* Updated March 24 to reflect the views of the NLRB General Counsel.
On Feb. 21, the National Labor Relations Board (NLRB) ruled that severance agreements with broad – yet common – confidentiality and non-disparagement provisions are unlawful. Employers routinely include confidentiality and non-disparagement provisions in separation or severance agreements that generally prohibit a departing employee from disclosing the terms of the agreement or disparaging the company in exchange for a payment to which the employee would not otherwise be entitled. The decision applies to separation agreements with both Union-represented employees and non-Union employees at virtually all private-sector employers in the United States due to the law’s broad applicability to employers engaged in interstate commerce under the National Labor Relations Act (NLRA).
In McLaren Macomb, a Michigan hospital permanently furloughed 11 employees in the midst of the COVID-19 pandemic and offered each of them a severance agreement. The severance agreement contained a confidentiality provision prohibiting each employee from disclosing the terms of the agreement to any third person. It also contained a provision prohibiting the employee from making “statements to the Employer’s employees or to the general public which could disparage or harm the image of [the] Employer, its parent and affiliated entities and their officers, directors, employees, agents and representatives.”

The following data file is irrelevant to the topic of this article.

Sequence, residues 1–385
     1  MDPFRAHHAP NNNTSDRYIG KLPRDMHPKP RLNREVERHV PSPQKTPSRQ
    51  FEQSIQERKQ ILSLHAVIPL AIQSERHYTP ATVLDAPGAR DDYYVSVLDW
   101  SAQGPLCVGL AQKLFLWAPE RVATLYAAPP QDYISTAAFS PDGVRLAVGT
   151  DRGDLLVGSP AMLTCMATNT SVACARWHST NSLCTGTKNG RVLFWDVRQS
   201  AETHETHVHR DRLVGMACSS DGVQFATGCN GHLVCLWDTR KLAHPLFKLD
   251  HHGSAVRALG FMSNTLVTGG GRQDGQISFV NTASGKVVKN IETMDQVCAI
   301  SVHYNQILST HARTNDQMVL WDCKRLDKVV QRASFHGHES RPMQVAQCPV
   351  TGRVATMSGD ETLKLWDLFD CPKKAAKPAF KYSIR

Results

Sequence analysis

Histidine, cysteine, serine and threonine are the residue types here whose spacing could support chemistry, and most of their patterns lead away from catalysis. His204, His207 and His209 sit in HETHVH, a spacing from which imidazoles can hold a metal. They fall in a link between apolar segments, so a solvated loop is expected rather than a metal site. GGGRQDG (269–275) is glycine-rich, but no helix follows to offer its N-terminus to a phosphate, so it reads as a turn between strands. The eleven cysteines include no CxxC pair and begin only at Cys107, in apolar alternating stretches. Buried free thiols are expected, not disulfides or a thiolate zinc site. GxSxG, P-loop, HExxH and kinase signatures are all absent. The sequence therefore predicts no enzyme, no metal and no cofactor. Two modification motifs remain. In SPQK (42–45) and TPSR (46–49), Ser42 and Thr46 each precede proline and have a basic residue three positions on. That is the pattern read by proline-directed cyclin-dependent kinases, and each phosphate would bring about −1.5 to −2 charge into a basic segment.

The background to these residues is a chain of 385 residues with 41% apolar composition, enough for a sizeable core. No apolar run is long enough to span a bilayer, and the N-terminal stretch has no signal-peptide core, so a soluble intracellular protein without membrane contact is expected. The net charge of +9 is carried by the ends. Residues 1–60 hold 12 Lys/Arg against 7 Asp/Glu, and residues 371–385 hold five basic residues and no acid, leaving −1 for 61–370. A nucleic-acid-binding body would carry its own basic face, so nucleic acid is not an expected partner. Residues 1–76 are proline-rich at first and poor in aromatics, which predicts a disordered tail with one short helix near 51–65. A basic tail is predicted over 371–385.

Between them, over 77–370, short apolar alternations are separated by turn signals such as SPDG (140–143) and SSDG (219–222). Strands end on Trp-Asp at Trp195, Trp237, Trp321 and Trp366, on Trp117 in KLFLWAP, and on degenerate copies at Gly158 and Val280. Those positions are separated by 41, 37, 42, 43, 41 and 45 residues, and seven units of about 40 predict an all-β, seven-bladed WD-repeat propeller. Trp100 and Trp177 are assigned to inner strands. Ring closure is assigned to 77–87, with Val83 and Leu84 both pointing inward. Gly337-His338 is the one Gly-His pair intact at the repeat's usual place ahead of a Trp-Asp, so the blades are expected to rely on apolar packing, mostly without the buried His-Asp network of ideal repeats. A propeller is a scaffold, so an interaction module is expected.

The NLRB found that both the confidentiality and non-disparagement provisions were unlawful because – according to the Board – they had a chilling effect on the employees’ exercise of their rights under the NLRA, including the right to disclose that the employer had violated the NLRA, to file charges or assist with Board investigations, and to discuss the terms of the severance agreement or prior employment with former coworkers. As a remedy for this violation of the law, the NLRB ordered the employer to cease using the severance agreements with these provisions, and to post a notice of its violation.